England scored an unconvincing 48-run win over qualifier Ireland in their first Super Eight league match and now Fletcher in sheer desperation is looking towards the women to prop up their men to do a good job in the next two key matches against Sri Lanka (April 4) and arch rival Australia (April 7).
''I think the presence of Wives and Girlfriends will help the player put in better performances during the rest of the World Cup Super Eights,'' he said.
The presence of the wives and girlfriends for large parts of the Ashes tour earlier this winter was cited as a major factor in England's humiliating 5-0 whitewash.
But coach Fletcher welcomed their arrival at England's Antigua base yesterday and believes they could provide an uplifting effect on a squad who are yet to impress so far in the tournament.
Fletcher justified the WAGs presence, saying ''We've done it on previous tours and on some of the tours when they've arrived we've put in some very solid performances.
''India was a good example a few years ago when we were losing 1-0 in the Test series and the wives arrived and we ended up drawing the series - they do help when they are arrive.'' Fletcher who has been under flak for team's poor showing feels that anything that can lift his side's performance in the World Cup is acceptable so why not have the WAGs if they can do the job.
''It's very, very important. We've done it on previous tours and we'll keep doing it,'' he told mediapersons here.
''It is a very tough tournament and they (WAGs) do help if they are around. That's why we bring them out. We do believe it is a good thing,'' he explained.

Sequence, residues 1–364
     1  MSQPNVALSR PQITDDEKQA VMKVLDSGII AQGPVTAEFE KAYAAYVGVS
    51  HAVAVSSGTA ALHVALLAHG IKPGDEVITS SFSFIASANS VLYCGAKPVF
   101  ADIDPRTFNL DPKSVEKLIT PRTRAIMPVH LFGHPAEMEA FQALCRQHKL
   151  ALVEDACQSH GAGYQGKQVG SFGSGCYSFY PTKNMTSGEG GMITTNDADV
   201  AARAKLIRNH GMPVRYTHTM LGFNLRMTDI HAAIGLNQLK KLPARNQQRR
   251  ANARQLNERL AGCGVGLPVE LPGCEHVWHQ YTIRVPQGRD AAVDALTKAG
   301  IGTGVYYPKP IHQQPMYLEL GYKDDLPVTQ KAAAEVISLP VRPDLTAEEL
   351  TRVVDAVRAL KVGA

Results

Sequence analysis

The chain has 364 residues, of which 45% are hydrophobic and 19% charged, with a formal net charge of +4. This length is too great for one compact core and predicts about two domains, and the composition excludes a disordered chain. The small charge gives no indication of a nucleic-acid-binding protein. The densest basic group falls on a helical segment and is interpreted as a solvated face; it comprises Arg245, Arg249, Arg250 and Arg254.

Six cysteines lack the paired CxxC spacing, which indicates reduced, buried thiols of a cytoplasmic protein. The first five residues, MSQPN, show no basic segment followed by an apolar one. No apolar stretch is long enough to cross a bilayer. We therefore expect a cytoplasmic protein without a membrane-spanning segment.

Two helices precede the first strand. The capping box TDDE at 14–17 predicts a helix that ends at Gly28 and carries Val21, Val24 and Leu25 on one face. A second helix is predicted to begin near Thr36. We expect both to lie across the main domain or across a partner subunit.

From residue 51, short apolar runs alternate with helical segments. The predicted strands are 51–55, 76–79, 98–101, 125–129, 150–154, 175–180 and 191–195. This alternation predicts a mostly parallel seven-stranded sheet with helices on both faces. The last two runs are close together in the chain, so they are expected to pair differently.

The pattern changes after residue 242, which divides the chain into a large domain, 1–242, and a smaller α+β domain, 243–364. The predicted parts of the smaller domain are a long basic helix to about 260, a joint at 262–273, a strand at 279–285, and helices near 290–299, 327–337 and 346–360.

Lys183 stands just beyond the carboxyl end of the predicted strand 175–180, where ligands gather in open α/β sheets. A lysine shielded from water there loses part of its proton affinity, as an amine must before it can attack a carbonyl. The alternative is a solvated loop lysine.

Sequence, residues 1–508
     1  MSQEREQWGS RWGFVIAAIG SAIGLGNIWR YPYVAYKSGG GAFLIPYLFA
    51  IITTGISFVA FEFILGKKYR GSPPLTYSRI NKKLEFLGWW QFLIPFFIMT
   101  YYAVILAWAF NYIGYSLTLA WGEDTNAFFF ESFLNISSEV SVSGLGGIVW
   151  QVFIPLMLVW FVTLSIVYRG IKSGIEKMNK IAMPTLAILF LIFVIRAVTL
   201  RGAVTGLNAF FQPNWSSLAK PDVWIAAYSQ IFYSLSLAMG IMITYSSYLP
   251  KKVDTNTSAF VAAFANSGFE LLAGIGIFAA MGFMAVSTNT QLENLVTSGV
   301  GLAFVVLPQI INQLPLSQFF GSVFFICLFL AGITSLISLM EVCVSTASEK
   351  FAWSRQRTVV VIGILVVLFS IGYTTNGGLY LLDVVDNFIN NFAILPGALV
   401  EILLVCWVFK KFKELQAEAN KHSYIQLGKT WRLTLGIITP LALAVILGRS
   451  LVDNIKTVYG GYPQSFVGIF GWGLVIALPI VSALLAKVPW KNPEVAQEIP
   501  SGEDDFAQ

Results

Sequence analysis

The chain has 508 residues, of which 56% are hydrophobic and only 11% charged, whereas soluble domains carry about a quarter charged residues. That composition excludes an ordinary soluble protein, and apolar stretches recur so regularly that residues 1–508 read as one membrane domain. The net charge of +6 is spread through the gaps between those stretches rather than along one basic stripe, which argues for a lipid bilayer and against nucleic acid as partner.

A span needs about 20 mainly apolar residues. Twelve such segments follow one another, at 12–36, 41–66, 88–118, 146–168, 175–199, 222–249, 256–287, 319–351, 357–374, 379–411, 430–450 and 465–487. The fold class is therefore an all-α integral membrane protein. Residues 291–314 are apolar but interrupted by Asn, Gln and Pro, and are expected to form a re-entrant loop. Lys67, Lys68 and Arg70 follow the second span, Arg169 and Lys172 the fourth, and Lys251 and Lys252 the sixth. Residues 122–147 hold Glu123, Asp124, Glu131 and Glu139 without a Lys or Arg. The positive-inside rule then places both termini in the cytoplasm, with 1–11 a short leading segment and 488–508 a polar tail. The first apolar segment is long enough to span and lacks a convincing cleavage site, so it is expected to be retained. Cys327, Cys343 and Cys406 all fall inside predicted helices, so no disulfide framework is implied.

About his team's sub-standard win over Ireland, the coach was candid enough to admit his side did not play well enough. ''We just don't seem to be consistent in some areas. I don't think we played as well as we could have, there's no doubt about it. It still was an important win from our point of view, because we could have slipped up. But there are areas we can work on.'' ''We got a little complacent at times, and we need to make sure we don't get that complacent against better sides,'' Fletcher said.
About their next match against Sri Lanka, the coach admitted that it was a very crucial tie for his side. ''Sri Lanka is going to be a huge game for us.
''Having lost two points to New Zealand in the group match we have to make sure we win every game from here on. Victory in either, or both will consolidate England's position for making it to last four but back-to-back defeats, on the other hand, will see all flying back home early,'' Fletcher cautioned.
''Sri Lanka has got some world-class players. I think the wickets are very similar to Sri Lanka so they know how to play on those kind of wickets,'' he added.
''The most crucial thing is that we must play to our strengths with the players available to us,'' he said, implying that England are still - even at this crucial juncture of the biggest tournament of all - hankering after the men who did not make this trip; the likes of Marcus Trescothick, Simon Jones, Steve Harmison and Ashley Giles.
''Maybe we'll change a few things, though maybe that would be dangerous at this stage. But we must not ask players to do things that are alien to them, because that could really be disastrous.
''Players must play to their strengths,'' he added.
Sri Lanka had blanked England 5-0 last year in England and now, their attack is being spearheaded by the pace bowler Lasith Malinga.
''Malinga is a threat, he is unusual to any other bowler. Once you get out there and it hits you, it's completely different to the talk. When you're under pressure, the way you think is you always fall back on what you've done before,''he said.
He defended his players saying, ''As long as the top-order can get some big partnerships, that will be the important factor. We must be very careful we do not put too much pressure on them. They are experienced, they have been around a bit, but they've got to build partnerships. Once it's set they can accelerate from that platform.''